CHICAGO – The American Association of School Librarians (AASL) recognizes the 50th anniversary of the Knapp School Libraries Project, which established model school libraries across the United States. The project was a result of a $1.1 million grant funded by the Knapp Foundation of North Carolina, Inc. At the time, it was the largest grant specifically earmarked for the development of school libraries received by the American Library Association (ALA).
The first objective of the five-year project, launched March 1, 1963, was to "to demonstrate the educational value of school library programs, services and resources" by upgrading their materials and developing qualified personnel. Grant funds were used to expand and renovate hundreds of school libraries across the United States. The project was guided by the AASL learning standards adopted in 1960 and directed by Peggy Sullivan, who later served as ALA president (1980-1981). Serving on the project committee were notable AASL volunteer leaders Mary Gaver, Sara Fenwick, Frances Henne, Mary Frances Johnson, Virginia Mathews, AASL President-Elect Jean Lowrie and AASL President Cora Paul Bomar. “Realization: The Final Report of the Knapp School Library Project,” edited by Sullivan, was published by ALA in 1968.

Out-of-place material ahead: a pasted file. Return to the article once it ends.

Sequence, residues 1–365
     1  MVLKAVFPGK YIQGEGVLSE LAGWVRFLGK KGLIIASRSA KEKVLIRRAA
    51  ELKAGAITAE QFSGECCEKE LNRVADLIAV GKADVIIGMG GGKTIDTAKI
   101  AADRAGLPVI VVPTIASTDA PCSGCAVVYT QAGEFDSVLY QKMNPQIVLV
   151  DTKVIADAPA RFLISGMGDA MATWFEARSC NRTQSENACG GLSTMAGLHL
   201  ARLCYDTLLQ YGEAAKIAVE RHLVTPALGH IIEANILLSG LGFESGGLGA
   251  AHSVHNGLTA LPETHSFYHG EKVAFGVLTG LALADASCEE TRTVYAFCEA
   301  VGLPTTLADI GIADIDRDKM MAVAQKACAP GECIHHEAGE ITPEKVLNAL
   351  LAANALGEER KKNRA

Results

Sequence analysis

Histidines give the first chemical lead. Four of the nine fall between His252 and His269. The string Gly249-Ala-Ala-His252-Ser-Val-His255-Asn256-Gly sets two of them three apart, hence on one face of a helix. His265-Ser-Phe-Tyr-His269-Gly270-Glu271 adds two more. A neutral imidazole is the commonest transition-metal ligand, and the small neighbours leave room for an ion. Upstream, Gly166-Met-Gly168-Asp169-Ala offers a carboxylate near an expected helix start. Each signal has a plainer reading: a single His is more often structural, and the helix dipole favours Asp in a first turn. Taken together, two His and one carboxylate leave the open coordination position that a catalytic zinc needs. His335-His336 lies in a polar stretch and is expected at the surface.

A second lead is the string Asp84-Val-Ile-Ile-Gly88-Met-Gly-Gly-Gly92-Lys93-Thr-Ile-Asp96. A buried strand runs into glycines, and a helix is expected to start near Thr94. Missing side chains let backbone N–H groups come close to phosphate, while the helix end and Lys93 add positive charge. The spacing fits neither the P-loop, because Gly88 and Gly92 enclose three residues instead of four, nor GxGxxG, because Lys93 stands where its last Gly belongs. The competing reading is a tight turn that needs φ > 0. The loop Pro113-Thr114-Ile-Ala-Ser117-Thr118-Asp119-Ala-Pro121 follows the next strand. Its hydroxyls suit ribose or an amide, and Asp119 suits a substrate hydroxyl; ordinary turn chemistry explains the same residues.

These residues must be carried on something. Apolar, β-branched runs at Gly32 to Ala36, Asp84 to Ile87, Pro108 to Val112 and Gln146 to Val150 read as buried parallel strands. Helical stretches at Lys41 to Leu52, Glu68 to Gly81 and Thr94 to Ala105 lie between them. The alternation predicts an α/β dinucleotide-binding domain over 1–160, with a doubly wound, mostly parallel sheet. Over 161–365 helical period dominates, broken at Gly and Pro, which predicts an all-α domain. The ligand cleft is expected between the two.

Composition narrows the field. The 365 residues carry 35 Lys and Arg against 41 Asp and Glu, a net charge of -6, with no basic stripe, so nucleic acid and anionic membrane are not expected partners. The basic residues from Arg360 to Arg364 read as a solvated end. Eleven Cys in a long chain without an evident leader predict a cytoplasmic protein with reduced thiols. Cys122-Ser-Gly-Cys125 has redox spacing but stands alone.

"It is interesting to note that the impetus for the Knapp Project was because the chair of the Knapp Foundation read a magazine article in This Week entitled 'Is Your Child a Victim of the Book Gap,'" said AASL President Susan Ballard. "As we observe the 50th anniversary of the project, we rededicate ourselves to continue to raise awareness among all members of our learning communities to ensure that in 2013 no child is a victim of the book gap or of the digital gap and technological divide. The evidence is compelling that students succeed and excel in those communities that have worked to provide quality school library programs and services."
The American Association of School Librarians, www.aasl.org, a division of the American Library Association (ALA), promotes the improvement and extension of library services in elementary and secondary schools as a means of strengthening the total education program. Its mission is to advocate excellence, facilitate change and develop leaders in the school library field.